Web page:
With all Wichita has done, it may not be enough.
Posts tagged as “Greater Wichita Economic Development Coalition”
A research project by The Brookings Institution illustrates the poor performance of the Wichita-area economy.
In this excerpt from WichitaLiberty.TV: Can we reform economic development in Wichita to give us the growth we need?
A new law in Kansas may provide opportunities for better enforcement of the Kansas Open Records Act.
If we in Kansas and Wichita wonder why our economic growth is slow and our economic development programs don't seem to be producing results, there is data to tell us why: Our tax rates are too high.
Private sector job growth in the Wichita area is improving, but lags behind local government employment growth.
As part of a plan for spending a dedicated tax revenue stream, the Wichita city council should include disclosure of spending. It would fulfill a campaign promise.
Based on events in Wichita, the Wall Street Journal wrote "What Americans seem to want most from government these days is equal treatment. They increasingly realize that powerful government nearly always helps the powerful ..." But Wichita's elites don't seem to understand this.
Wichita has stepped up with cash for incentives when needed, contrary to complaints of economic development officials.
The issue of awarding an economic development incentive reveals much as to why the Wichita-area economy has not grown.
In Wichita and Sedgwick County, can we run government like a business? Should we even try? Do our leaders think there is a difference?
The Wichita City Council can decide to disclose how taxpayer money is spent, or let it remain being spent in secret.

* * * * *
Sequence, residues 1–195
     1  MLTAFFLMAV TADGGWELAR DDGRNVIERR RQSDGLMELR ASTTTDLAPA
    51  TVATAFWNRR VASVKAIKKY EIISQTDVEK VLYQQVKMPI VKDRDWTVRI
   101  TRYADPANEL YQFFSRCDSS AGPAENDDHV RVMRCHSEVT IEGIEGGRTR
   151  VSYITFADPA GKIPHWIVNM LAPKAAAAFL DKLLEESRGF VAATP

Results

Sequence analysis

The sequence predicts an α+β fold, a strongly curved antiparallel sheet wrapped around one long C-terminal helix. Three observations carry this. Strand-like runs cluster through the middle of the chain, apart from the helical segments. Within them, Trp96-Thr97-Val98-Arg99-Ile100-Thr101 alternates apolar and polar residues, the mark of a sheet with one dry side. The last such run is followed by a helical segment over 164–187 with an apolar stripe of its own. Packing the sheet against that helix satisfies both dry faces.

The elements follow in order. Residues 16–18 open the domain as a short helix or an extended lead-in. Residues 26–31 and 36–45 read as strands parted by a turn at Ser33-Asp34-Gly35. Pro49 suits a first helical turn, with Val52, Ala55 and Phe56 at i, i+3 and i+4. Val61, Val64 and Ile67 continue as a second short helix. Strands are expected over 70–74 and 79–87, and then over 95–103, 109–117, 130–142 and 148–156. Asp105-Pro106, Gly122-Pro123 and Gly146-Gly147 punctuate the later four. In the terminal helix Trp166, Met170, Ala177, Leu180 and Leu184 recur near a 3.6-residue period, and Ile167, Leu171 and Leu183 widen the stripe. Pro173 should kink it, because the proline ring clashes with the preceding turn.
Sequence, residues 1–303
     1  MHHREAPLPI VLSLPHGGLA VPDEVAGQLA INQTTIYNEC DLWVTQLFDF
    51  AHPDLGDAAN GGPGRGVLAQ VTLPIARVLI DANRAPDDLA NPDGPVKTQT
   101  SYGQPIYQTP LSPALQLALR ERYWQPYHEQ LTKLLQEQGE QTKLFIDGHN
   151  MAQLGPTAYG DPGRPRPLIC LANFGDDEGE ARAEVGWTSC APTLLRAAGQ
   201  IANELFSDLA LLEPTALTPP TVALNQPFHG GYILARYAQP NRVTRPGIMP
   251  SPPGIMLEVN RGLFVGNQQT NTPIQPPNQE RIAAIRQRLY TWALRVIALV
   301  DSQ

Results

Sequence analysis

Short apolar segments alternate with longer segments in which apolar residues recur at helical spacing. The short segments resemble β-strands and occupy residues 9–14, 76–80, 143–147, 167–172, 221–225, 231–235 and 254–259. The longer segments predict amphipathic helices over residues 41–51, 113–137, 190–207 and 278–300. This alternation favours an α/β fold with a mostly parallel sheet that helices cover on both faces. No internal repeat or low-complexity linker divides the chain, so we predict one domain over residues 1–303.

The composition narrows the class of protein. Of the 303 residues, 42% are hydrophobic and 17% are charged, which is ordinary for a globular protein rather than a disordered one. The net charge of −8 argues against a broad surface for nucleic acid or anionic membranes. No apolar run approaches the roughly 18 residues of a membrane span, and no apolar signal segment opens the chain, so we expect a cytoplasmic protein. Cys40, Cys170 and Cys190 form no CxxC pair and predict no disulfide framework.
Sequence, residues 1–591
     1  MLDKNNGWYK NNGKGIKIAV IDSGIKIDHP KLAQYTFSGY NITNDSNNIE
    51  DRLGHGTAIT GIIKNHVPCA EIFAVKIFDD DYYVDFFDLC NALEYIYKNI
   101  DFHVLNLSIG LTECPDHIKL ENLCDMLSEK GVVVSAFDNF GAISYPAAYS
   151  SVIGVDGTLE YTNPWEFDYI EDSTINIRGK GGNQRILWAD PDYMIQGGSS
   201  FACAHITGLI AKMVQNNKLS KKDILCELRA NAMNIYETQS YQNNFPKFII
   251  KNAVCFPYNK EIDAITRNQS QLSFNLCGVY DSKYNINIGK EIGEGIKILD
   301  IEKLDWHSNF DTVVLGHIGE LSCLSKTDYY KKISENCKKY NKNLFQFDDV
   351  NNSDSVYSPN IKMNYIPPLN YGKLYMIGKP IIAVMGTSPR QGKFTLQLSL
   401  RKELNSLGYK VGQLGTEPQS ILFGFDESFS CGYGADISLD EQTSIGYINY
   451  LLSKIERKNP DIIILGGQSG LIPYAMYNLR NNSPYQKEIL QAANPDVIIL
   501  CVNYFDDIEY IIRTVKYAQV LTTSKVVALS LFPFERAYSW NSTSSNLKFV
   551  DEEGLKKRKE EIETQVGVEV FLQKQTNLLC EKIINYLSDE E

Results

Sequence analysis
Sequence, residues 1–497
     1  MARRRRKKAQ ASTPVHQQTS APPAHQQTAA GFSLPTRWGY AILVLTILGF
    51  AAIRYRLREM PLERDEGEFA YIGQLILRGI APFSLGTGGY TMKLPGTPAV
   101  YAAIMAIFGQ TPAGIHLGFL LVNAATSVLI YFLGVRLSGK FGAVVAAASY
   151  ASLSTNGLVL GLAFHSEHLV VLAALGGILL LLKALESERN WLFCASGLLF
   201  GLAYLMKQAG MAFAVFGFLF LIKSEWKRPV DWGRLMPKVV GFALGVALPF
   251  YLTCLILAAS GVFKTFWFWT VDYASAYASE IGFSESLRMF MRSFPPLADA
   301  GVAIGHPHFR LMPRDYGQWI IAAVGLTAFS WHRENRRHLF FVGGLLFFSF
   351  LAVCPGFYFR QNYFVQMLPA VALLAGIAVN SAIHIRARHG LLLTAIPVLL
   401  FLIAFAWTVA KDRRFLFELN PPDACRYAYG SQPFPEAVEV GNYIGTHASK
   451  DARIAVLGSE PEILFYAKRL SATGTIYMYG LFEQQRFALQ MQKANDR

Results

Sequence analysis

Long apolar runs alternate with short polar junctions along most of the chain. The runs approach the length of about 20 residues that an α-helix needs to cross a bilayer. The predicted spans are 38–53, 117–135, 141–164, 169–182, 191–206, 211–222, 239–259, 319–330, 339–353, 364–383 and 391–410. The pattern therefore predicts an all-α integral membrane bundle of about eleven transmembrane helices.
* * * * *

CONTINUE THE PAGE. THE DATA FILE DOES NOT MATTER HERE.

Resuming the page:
The City of Wichita wishes to preserve the many economic development incentives it has at its disposal.
Not all candidates for Wichita city offices support citizens' right to know how taxpayer money is spent.
Citizens want to trust their hometown newspaper as a reliable source of information. The Wichita Eagle has not only fallen short of this goal, it seems to have abandoned it.
As Wichita voters consider promises of transparency and reporting regarding job creation, the city fails to make even the most basic information available.
In a poll, about one-third of Wichita voters support local governments using taxpayer money to provide subsidies to certain businesses for economic development.
The Wichita City Council will consider a proposal from a consultant to "facilitate a community conversation for the creation of a new economic development diversification plan for the greater Wichita region." Haven't we been down this road before?
As part of the campaign for a proposed Wichita sales tax, the city says that debt is bad. But actions the city has taken have caused debt levels to rise, and projections are for further increases.
Boosters of the proposed Wichita sales tax promise transparency. But Wichita has not delivered on that in the past, and still rebuffs the public's right to know.